In Our Cities: Dignity and Power Now Fights Police Corruption in LA
Patrisse Cullors knows firsthand how the prison-industrial complex can affect families in Los Angeles.
The 33-year-old’s brother and father were in and out of jails for much of her young life due to mental illness and drug sentencing disparities.
“I grew up here in Los Angeles, and instead of having childhood memories of going to the beach or Disneyland, I remember police incarcerating some of the most important people in my life, like my brother and my father,” said Cullors. “I remember being in visiting rooms with deputies and with crying family members. Folks at a loss of what to do.”
Cullors used these powerful memories to start Dignity and Power Now, a grassroots organization that fights for the humanity and rights of incarcerated people, their families and communities.
Since its founding five years ago, Dignity and Power Now has celebrated some major victories in their fight for criminal justice reform, including the conviction of former Los Angeles County Sheriff Lee Baca on obstruction charges.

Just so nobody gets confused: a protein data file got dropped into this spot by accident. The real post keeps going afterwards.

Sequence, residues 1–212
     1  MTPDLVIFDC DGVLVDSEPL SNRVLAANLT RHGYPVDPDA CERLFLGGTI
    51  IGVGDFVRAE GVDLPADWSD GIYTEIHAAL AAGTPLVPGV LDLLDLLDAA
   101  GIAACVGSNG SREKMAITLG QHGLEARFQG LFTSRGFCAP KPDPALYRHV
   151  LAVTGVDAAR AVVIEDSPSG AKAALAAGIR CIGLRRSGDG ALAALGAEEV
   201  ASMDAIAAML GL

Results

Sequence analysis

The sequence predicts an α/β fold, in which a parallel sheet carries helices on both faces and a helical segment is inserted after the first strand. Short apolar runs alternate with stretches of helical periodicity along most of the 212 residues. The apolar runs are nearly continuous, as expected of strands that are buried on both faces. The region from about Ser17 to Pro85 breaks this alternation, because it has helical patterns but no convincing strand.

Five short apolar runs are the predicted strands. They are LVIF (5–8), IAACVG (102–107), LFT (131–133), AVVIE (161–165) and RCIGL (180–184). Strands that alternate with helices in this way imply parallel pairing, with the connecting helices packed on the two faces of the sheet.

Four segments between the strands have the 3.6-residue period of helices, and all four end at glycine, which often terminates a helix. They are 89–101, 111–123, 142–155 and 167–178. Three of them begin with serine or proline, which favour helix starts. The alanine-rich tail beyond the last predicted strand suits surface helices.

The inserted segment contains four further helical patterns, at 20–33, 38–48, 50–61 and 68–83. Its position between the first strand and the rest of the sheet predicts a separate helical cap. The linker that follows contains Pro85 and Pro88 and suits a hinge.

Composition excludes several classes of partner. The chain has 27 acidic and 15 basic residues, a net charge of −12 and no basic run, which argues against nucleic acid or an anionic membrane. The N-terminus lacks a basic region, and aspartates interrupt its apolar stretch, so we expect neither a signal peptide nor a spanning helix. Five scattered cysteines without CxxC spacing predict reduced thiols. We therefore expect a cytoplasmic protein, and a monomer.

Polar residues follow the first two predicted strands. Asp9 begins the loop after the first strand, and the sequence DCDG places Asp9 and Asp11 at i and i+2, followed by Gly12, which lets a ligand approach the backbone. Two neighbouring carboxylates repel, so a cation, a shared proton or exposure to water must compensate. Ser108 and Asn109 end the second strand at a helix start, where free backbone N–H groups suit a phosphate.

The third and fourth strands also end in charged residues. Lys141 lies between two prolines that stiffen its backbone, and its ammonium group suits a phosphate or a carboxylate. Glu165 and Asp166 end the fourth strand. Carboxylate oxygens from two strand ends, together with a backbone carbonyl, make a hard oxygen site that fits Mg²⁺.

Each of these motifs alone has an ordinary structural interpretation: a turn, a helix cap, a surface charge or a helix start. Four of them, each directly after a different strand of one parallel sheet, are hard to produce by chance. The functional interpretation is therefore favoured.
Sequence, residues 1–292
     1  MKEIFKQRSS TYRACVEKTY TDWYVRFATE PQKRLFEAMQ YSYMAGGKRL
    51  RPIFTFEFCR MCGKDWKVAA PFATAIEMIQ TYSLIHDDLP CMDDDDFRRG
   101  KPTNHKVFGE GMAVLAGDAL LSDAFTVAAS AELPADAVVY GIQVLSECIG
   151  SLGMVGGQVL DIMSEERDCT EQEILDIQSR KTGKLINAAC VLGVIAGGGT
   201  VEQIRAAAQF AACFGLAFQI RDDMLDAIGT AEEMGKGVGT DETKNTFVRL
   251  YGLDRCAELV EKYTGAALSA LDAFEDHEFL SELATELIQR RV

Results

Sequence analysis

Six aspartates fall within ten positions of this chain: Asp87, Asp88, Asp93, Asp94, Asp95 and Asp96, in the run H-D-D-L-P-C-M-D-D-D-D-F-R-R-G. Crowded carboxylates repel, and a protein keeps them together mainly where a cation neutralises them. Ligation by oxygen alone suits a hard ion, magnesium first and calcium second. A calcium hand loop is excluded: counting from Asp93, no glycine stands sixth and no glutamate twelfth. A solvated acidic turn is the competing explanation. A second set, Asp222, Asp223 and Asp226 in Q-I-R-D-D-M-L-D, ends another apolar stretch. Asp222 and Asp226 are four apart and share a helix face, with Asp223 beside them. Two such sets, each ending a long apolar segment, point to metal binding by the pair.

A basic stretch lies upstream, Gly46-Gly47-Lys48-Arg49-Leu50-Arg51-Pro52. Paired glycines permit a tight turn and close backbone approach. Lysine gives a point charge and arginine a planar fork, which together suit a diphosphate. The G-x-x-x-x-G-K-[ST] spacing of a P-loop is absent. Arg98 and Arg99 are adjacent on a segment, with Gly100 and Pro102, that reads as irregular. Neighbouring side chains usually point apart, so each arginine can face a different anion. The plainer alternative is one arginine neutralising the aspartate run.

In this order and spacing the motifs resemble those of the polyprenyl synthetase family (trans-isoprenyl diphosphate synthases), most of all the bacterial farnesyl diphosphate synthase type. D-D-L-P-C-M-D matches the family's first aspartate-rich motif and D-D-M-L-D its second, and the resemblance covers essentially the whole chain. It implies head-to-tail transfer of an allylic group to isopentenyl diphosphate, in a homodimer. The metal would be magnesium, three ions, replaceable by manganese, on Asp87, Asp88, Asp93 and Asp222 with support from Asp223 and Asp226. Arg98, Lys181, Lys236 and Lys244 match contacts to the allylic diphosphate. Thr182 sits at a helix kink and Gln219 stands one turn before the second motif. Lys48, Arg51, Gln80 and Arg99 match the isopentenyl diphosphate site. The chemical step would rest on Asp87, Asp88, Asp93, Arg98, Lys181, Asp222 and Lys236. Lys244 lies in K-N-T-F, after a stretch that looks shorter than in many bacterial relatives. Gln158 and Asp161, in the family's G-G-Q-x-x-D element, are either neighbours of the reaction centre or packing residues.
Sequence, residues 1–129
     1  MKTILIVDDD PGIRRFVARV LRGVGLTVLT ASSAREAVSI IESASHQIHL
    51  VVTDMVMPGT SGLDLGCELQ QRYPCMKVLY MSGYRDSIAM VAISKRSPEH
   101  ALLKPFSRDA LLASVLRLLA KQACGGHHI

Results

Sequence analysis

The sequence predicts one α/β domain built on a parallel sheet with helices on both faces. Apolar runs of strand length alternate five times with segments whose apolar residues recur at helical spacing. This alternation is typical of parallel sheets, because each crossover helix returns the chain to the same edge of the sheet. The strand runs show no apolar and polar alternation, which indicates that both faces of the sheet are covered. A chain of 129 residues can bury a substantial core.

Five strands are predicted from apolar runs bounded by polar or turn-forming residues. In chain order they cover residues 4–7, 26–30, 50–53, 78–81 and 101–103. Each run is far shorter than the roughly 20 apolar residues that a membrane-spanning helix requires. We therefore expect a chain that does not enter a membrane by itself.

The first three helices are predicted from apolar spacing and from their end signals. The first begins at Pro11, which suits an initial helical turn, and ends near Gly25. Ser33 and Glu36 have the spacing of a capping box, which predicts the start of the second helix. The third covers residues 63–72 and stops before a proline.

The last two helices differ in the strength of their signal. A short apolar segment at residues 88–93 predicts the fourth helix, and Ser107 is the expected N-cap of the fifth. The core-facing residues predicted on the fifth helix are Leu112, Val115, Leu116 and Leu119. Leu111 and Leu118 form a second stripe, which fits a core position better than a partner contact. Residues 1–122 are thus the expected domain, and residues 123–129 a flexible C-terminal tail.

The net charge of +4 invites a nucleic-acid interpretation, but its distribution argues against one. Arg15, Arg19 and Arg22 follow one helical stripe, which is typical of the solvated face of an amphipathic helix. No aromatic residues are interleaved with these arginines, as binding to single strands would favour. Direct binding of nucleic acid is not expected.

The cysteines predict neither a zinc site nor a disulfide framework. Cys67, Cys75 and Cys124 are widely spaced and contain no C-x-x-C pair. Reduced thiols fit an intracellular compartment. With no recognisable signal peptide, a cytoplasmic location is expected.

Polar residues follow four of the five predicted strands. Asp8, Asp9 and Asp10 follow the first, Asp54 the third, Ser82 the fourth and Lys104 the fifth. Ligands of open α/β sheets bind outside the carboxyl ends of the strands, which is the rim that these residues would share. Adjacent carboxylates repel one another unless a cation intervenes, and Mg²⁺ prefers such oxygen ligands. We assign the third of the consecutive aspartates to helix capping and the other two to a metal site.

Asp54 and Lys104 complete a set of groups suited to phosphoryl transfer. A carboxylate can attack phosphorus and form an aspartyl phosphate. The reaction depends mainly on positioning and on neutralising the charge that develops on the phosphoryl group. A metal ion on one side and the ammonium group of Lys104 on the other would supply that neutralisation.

Cullors, who is also a co-founder of Black Lives Matter, said the conviction is just a small step towards Dignity and Power Now’s ultimate goal.
“I would love for Dignity and Power Now to be a model for organizations and collectives that want to fight for police accountability,” said Cullors. “I also want to be a part of this national fight. What we’re seeing is a trend of local municipalities pouring millions of dollars into jailing and policing. I want us to show up and say those millions of dollars actually should be reinvested into poor communities, and Black poor communities in particular.”